RE: [xmca] Peirce as Hegel, but "in costume"

From: Michael Glassman <MGlassman who-is-at>
Date: Sun Nov 04 2007 - 10:59:49 PST

I just wanted to add a short coda to the discussion about Peirce. People may get the idea that Peirce was somehow central to the early Pragmatist movement - he really wasn't. James and Dewey and a few others recognized his genius and importance - but for the most part people thought he would be forgotten (and I suppose he was to a certain extent). The person who was supposed to carry Pragmatism forward was F.C.S. Schiller, not as big as Dewey I suppose, but quite famous. I have heard tell (and don't know this for sure) that Peirce was initially resurrected by language theorists because of his ideas on semiotics (not even thinking that much about Pragmatic philosophy). In some ways this accounts for disparate understandings of Peirce I suppose. Today old Ferdinand Schiller is all but forgotten (I had never heard of him until I read him in a speech given by James and then looked him up).
Sic gloria transit (did I get that right).


From: on behalf of Andy Blunden
Sent: Sun 11/4/2007 1:27 AM
To: eXtended Mind, Culture, Activity
Subject: RE: [xmca] Peirce as Hegel, but "in costume"

Tony, I've collated those excerpts from Peirce and included them in

At 01:05 AM 4/11/2007 -0400, you wrote:
>I think you're right, Andy.
>I can't think of anyone in the US who would have come closer to that than
>Dewey (certainly not Peirce), and to whatever extent Deewy might have
>approached that, it's not part of his thought that was received by any
>On Sun, 4 Nov 2007, Andy Blunden wrote:
>>Apart from these differences in social conditions, it is Marx and
>>Marxism, with all its pluses and its minuses, that really makes the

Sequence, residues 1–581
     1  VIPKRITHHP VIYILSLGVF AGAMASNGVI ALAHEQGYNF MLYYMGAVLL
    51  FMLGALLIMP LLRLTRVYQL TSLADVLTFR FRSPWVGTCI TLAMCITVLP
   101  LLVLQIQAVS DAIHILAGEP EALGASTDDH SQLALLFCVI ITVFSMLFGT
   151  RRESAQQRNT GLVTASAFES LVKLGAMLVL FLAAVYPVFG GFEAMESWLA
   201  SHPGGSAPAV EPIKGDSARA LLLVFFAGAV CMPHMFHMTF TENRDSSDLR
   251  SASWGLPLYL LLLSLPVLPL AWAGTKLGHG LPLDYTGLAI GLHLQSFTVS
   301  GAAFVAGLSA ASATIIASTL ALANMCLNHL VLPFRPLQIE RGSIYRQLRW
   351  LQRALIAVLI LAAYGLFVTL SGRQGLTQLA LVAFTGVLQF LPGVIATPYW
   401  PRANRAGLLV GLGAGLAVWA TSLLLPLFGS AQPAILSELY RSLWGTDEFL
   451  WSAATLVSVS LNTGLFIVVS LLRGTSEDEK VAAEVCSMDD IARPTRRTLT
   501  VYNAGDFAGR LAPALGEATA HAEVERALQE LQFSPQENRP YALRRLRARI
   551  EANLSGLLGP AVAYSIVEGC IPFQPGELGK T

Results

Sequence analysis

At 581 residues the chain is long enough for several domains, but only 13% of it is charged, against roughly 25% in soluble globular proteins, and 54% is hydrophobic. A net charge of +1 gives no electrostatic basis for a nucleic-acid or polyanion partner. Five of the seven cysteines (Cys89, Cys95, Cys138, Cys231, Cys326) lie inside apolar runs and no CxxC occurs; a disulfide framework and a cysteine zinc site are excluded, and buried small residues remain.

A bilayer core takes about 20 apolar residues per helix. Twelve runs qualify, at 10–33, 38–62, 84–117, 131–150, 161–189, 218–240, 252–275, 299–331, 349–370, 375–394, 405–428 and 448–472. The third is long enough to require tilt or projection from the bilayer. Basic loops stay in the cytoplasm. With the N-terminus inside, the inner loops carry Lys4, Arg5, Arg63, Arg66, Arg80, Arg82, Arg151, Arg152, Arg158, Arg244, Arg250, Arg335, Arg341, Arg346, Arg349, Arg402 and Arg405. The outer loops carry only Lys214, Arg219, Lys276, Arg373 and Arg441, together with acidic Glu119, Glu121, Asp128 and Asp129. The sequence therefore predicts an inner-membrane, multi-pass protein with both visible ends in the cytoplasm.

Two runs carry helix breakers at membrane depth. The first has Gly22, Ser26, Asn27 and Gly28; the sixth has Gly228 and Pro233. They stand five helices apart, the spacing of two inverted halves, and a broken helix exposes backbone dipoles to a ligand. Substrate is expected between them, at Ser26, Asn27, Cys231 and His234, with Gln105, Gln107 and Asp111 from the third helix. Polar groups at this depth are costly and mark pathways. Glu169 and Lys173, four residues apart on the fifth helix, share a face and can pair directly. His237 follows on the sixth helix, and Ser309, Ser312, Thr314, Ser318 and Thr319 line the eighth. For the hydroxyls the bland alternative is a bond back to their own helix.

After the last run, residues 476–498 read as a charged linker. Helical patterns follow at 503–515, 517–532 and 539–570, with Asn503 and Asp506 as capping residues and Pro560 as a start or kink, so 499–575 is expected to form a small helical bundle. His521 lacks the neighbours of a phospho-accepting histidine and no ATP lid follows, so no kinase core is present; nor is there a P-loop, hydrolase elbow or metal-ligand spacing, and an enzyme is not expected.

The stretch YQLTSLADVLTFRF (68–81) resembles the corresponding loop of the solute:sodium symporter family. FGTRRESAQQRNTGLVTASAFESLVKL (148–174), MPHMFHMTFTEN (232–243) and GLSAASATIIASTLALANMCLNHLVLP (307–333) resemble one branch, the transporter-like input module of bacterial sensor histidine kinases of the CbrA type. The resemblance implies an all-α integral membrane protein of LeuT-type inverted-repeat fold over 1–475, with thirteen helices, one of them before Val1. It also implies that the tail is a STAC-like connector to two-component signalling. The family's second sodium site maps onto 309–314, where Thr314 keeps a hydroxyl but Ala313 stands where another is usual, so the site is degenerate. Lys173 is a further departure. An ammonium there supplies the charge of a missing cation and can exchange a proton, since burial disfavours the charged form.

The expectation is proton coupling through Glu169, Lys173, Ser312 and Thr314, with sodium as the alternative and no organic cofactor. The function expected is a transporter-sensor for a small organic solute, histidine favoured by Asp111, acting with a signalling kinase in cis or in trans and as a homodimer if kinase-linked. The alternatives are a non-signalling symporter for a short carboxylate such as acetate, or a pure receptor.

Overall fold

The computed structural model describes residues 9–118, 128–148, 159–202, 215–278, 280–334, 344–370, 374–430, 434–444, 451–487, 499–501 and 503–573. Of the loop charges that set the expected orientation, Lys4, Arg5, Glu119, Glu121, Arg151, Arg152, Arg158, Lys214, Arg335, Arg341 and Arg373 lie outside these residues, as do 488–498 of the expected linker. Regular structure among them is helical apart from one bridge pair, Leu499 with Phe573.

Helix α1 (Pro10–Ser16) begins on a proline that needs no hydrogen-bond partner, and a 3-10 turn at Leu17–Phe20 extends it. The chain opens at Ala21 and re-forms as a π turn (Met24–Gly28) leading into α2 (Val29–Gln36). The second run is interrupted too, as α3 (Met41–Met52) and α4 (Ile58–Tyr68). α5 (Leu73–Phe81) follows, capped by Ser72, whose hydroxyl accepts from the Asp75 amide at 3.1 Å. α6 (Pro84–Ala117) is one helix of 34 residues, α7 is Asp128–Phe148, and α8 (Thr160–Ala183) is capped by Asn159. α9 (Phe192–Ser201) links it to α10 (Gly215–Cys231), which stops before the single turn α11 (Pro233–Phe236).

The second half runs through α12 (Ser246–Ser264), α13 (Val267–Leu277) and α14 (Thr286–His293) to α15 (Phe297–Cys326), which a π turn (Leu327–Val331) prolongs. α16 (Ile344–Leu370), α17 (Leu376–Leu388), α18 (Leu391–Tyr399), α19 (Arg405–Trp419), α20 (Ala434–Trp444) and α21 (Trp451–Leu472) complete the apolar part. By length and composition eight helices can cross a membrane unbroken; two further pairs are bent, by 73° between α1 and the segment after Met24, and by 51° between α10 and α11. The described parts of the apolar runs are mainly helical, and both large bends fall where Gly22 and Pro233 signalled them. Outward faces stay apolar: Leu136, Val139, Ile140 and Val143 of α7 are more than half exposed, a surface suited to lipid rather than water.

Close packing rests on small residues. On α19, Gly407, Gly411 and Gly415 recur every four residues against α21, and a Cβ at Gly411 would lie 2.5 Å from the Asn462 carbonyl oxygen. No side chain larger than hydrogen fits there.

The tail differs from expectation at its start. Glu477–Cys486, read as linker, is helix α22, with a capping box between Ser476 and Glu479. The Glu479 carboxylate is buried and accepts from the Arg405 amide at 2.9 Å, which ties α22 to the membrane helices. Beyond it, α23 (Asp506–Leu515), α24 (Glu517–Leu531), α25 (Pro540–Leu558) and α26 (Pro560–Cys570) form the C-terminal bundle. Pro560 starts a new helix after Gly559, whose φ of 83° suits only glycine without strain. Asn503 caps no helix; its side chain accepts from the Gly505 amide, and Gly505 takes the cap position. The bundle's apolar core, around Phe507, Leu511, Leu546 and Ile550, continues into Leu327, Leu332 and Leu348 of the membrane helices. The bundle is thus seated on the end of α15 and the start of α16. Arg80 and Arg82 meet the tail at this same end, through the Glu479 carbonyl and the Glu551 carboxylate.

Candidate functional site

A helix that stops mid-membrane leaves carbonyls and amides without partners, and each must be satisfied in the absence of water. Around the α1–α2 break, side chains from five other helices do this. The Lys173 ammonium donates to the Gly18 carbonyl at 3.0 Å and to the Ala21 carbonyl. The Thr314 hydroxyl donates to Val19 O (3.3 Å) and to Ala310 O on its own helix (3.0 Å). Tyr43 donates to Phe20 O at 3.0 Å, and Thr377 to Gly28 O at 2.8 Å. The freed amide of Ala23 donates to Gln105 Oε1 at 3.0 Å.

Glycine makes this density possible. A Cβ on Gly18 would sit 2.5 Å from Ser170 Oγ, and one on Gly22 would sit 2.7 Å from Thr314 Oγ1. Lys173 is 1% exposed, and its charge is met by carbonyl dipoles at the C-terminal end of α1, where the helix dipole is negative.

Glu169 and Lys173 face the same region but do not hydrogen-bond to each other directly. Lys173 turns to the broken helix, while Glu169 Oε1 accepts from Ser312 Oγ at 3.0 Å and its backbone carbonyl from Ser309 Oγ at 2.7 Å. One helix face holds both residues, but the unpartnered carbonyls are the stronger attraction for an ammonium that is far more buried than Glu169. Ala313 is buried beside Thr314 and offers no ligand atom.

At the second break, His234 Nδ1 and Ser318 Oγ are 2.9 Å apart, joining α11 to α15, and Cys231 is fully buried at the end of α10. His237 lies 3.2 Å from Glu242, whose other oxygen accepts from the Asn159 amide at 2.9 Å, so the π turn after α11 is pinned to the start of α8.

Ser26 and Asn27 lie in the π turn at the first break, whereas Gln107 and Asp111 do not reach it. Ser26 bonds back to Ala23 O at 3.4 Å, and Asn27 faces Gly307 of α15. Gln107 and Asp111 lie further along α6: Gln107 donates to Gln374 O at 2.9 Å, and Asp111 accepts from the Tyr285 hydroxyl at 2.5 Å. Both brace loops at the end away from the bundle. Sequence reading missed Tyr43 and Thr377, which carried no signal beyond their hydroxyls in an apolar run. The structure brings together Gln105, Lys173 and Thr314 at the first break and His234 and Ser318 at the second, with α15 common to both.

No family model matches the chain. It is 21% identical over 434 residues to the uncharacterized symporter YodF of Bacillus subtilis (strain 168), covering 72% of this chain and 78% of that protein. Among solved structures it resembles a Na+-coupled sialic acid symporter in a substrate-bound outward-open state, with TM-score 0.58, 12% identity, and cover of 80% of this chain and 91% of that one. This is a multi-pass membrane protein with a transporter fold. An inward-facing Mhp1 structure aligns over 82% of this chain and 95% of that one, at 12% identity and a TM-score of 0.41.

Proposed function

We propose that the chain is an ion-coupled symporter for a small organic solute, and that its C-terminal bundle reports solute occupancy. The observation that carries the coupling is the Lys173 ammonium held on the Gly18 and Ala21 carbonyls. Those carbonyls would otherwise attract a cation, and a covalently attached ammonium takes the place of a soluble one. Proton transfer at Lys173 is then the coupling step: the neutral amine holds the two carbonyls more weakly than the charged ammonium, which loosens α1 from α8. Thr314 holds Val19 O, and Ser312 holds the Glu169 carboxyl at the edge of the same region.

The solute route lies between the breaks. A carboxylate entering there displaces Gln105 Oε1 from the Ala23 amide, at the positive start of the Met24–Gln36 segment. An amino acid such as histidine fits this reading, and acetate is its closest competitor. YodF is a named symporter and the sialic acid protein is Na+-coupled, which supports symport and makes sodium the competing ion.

>>differences between the two currents at the level of theoretical
>>foundations, isn't it Tony? Just as the reception of Peirce in the USSR
>>(and amongst other Marxists!!) was hindered by unfortunate readings
>>transmitted via the Marxist canon, it seems to me that the Americans were
>>really barred from making full use of Marx, which is evident in the work
>>of the Russians throughout.
>>A case in point is Ilyenkov's concept of the ideal, which draw on Marx's
>>"Capital", a work which must have informed the Russians throughout. Was
>>there a comparable insight amongst the Americans to do with the process
>>of abstraction as a real, process of restructuring of social relations in
>>society at large, and only later entering consciousness? This is
>>certainly to be found in Hegel, but I think only Marx, with his studies
>>on value, makes this clear.
>>At 11:30 PM 3/11/2007 -0400, you wrote:
>>>1) re the Lenin note: I myself started out very hostile to Peirce and
>>>the other pragmatists, based on what I read in Chinese during the
>>>Cultural Revolution while I was standing in the snow under a streetlight
>>>at 4:00 am in a rent-a-cop costume guarding blueberry muffins that were
>>>being loaded into a truck for delivery around Boston. I later discovered
>>>CSP was grossly misrepresented in those Chinese texts, but only after
>>>reading what seemed like confirmation in almost equally hostile